For 20 years, Bedford Eye Care was located in the same mall. Toby Mandelman, OD, selected it as a place to start her practice soon after the Bedford, Nova Scotia, mall came under new ownership that reinvigorated it and practiced there for 10 years as the practice grew. As the mall expanded, the practice moved into a larger location and stayed there for another 10 years. Then the mall was sold again, and the upkeep suffered. “The roof was leaking and there were electrical issues. But the owners were renovating and adding a new section, so we thought we’d move into that area. However, the owners said no. They turned down a 20-year tenant who had always paid bills on time,” she says.
By now the practice had grown to three full-time ODs and a fourth who had just joined. They were busting at the seams in their 3,500-square-foot, four exam lane office. So they began to look around—as did the owner of a dance company, a former neighbor at the mall who was also turned down when she requested more space.
Not entirely surprisingly, the two businesses found themselves looking at some of the same properties. They both focused on an industrial area of town that was just beginning to see a turnaround toward more commercial clients, more residential housing, wider streets and more that made it look attractive. The dance studio owner moved faster and purchased the land. However, Dr. Mandelman and her partners approached their old long-time business neighbor and they devised a plan to share the building, an old industrial space that sold soil. It’s been completely redone and converted to a five-unit business condo, and Bedford Eye Care has 5,000 square feet on the first floor of a huge building, with a fitness center and a vet’s office sharing similar sized spaces on the ground floor. The dance studio takes up the entire upstairs.
The businesses coordinate well. “The dance studio is busy on weekends and the traffic there picks up at the end of the day, as we’re approaching our closing time. We close at noon on Saturdays, so there is very little overlap or problems parking,” she says. Plus, the studio insulated its floors well to keep the dancers’ noises down.
Dr. Mandelman notes that not only have the expenses gone down, since they’re no longer contributing to the significant overhead of a mall, but the partners have an asset in the condo, too. “Even if after we pay our 20-year mortgage and the condo is worth $0, we still would have spent no more than renting,” she says. The building has already appreciated, in part because of the timing of these businesses to be early into this transitioning neighborhood.
The space has seven exam lanes, with six in almost constant use by three ODs and a seventh lane used by a contact lens fitter. Two associates have joined the practice, and during most days, three doctors are working at a time. Dr. Mandelman says she marvels at how in less than five years, the practice has grown to filling up the significantly larger space.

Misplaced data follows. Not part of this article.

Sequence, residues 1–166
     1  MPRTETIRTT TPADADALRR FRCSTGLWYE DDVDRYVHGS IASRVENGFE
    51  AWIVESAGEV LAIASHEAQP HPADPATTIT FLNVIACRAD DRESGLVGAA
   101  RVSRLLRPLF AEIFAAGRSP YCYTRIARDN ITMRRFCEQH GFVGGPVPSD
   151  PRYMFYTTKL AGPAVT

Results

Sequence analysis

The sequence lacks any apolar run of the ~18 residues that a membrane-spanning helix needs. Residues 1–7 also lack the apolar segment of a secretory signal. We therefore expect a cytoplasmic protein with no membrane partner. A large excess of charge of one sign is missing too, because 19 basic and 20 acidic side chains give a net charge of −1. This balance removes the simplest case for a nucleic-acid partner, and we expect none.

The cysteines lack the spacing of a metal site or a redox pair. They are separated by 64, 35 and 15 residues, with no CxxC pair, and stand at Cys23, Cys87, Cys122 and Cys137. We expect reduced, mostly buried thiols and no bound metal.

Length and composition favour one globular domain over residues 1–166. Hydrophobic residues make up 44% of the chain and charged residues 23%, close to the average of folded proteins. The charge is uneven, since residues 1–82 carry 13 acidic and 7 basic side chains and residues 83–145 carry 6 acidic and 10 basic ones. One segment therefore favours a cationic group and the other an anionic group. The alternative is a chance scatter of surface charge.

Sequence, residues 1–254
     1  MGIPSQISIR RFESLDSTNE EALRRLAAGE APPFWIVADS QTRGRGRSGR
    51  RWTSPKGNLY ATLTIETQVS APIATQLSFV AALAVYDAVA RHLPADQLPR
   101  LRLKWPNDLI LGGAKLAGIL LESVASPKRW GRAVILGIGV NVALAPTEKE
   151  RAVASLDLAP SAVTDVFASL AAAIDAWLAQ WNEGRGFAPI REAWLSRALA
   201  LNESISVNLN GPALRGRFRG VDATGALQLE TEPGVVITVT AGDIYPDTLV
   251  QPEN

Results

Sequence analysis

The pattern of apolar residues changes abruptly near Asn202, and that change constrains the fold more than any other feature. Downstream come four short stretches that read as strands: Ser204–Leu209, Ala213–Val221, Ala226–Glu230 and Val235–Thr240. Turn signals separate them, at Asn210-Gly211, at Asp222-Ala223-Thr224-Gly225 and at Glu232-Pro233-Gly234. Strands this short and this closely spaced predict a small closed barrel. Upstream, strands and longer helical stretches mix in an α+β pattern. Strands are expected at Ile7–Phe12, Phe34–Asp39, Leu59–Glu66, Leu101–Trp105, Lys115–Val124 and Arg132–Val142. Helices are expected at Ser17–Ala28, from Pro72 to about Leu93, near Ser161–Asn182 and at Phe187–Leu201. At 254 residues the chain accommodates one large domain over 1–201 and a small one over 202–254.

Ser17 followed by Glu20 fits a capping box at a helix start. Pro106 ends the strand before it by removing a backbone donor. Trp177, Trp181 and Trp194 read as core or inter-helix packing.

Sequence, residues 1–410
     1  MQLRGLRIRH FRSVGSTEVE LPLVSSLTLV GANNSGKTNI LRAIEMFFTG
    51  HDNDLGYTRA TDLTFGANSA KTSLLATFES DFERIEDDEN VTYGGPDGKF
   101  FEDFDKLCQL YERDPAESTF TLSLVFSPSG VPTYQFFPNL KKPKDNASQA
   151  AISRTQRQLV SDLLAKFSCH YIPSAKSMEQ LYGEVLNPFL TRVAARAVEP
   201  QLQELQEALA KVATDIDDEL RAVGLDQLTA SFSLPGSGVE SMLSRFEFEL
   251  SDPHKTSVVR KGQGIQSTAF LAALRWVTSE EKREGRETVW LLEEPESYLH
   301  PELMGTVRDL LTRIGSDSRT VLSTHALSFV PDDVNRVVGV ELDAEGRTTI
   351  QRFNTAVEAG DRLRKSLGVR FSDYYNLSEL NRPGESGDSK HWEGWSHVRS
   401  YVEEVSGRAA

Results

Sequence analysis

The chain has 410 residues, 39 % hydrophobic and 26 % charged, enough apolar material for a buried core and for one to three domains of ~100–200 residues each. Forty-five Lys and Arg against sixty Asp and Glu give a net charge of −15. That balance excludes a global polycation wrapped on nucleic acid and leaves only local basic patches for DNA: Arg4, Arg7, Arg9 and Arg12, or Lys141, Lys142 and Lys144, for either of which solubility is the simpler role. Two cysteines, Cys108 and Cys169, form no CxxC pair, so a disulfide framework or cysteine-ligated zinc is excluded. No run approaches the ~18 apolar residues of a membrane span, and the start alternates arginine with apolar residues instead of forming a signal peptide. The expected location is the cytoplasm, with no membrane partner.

Even though the practice is busy, it never feels crowded like their old location did. Part of that is the design, in which patients flow in primarily one direction—in by the front desk, through the pretesting area, into the exam rooms and out another hallway into the reception area and optical. There are plenty of stations to check people in and out. “In the old place, we’d be bumping into each other in the hallways, and there would be lines at the front desk that would sometimes go into the mall itself,” she says.
Even though the mall location had some windows, in this new space, three of the four walls are wrapped in windows. “We’d had to put up some shades so that patients who were being dilated weren’t uncomfortable,” she says. But it’s glorious for the staff café and doctors’ offices to be bathed in natural light.
One of the partners, Erin Sheppard, OD, was instrumental in making design choices for the new location, along with a Canadian design firm Modular Designs and a local decorator. The floors are neutral—faux woods, stone tiles and low carpeting. The purple accent wall behind the main desk is wallpapered, but most of the walls are painted. Other than a few permanent art pieces, the practice also features the work of local artist/patients. These works are for sale—the practice takes no commission—and when a piece sells, another takes its place.
Nicer Presentations = Higher Sales
Dr. Toby Mandelman remembers one of the design firm representatives estimating that the optical sales would increase by 10 percent with the move to a new location. In fact, she says, sales increased by 30 percent. “I remember walking in myself and saying, ‘Oh, the new frames are here already,’ and the staff telling me that it was our old inventory, just displayed differently.”
One significant reason for the increase in optical sales is that patients have the space to shop. In the previous location, the front area was frequently crowded. Now patients are greeted, handed a nice tray and encouraged to browse even for the few minutes before they’re escorted to pretesting.